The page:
COLUMBIA, Mo. Previous research has shown that the most popular way Americans get their health news is by watching local television broadcasts. Now, researchers at the University of Missouri School of Journalism have found that while local television news is the most common source of health news for Americans, most health news stories on local news broadcasts are only 30 seconds or less in length. Glen Cameron, the Maxine Wilson Gregory Chair in Journalism Research and professor of strategic communication at the MU School of Journalism, says this trend may lead to misunderstanding of important but complicated health news stories.
"This pattern of local health news reporting may be problematic because of the complex and rather technical nature of many health news stories," Cameron said. "For example, there is much medical jargon such as "pseudoephedrine," "dementia," or "cardiovascular arrest," involved with reporting health news; stories that are too short can leave viewers confused and inappropriately alarmed or complacent. In this sense, health news may need to be allocated more time to be truly beneficial to viewers."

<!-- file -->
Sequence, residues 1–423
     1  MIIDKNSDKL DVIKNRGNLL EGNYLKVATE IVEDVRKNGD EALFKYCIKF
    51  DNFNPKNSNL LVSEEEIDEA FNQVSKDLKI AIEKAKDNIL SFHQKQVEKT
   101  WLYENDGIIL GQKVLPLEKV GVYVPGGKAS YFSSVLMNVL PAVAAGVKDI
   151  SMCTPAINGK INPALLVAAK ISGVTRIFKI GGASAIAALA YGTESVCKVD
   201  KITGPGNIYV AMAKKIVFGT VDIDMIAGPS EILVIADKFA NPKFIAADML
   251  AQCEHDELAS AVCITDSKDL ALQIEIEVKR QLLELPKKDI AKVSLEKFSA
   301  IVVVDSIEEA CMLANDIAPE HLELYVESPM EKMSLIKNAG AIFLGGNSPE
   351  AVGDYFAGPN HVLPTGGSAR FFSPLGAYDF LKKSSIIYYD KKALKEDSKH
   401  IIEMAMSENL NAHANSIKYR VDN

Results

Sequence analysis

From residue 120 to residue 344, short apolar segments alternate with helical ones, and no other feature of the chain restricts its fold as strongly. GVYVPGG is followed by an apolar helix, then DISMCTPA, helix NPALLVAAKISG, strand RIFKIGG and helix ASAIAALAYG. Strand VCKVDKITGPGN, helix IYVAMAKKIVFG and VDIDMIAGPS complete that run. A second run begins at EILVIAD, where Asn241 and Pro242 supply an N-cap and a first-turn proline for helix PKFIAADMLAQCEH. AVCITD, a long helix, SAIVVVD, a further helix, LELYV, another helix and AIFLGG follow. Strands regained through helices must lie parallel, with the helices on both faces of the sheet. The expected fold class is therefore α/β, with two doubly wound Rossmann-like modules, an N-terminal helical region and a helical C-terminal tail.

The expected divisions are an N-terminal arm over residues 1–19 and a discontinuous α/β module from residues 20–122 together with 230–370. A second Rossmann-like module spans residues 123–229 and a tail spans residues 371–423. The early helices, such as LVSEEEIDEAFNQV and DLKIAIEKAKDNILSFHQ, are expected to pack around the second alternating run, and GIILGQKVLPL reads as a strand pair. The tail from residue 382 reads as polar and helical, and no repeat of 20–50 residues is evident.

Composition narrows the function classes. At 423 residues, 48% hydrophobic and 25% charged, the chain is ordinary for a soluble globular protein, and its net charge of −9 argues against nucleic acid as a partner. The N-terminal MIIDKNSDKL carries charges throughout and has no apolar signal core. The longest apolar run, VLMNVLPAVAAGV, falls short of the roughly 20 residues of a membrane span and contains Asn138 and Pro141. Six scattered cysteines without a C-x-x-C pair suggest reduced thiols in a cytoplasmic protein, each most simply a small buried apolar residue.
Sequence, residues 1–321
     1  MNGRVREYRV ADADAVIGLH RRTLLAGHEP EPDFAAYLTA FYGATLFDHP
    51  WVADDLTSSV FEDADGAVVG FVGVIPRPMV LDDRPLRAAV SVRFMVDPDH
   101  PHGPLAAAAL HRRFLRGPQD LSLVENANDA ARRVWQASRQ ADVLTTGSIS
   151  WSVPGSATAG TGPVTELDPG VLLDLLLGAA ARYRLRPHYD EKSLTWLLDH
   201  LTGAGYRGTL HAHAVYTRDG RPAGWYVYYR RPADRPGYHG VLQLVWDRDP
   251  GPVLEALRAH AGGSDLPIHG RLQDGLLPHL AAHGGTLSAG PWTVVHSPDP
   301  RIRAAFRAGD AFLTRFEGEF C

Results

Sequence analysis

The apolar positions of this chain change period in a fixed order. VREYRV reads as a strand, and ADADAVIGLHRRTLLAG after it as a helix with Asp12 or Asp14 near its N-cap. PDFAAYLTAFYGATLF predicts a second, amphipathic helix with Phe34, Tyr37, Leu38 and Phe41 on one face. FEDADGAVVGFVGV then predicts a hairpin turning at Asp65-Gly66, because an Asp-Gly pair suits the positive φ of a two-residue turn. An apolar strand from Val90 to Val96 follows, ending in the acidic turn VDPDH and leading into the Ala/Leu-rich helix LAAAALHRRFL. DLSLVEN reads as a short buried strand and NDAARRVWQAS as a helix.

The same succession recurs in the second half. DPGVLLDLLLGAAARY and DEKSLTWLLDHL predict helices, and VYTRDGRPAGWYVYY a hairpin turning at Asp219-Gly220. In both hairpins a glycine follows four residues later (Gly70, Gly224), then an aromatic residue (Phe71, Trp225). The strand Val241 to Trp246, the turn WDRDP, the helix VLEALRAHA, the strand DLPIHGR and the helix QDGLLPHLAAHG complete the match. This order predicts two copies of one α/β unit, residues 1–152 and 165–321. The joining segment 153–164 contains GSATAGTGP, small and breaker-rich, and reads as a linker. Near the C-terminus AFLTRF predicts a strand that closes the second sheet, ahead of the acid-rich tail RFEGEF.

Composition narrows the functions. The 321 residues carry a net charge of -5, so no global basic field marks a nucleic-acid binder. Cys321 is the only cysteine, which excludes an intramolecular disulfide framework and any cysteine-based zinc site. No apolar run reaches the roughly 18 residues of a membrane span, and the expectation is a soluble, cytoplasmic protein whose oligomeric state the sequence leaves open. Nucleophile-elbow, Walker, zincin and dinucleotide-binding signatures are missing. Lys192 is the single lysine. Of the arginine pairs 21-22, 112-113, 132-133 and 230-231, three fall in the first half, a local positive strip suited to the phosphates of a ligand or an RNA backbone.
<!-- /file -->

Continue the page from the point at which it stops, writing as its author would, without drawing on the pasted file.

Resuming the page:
Cameron also found that health news stories that dealt with advancements or treatments were mainly reported using gain-framed messages while stories about statistics and trends were mainly reported by loss-framed messages. Gain-framed messages communicate by giving positive reasons for avoiding a harmful behavior, while loss-framed messages focus on the negative consequences of continuing a harmful behavior. For example, a gain-framed story might report that non-smokers are less likely to have heart disease while a loss-framed story might report that smokers are much more likely to suffer from heart disease. Cameron says this is important because people tend to react more positively to gain-framed messages about living healthy lifestyles. This tendency is called "self-efficacy."
"One of the important things about health news stories is whether they provide specific directions and successfully encourage viewers to take healthy actions," Cameron said. "The more self-efficacy people have, the more control they believe they have over their behavior, which can lead to positive behavior change. Self-efficacy influences the effort a person puts forth to change behavior and to continue, despite barriers and setbacks that may pose challenges. Television health news should seek to build audiences' feelings of self-efficacy in order to promote positive health behaviors."
Cameron says one example is the H1N1, or Swine Flu, epidemic. Due to concerns about the flu outbreak, an increased number of gain-framed reports, including information on how to prevent catching H1N1, were successful in helping to lessen the impact of the outbreak.
|Contact: Nathan Hurst|
University of Missouri-Columbia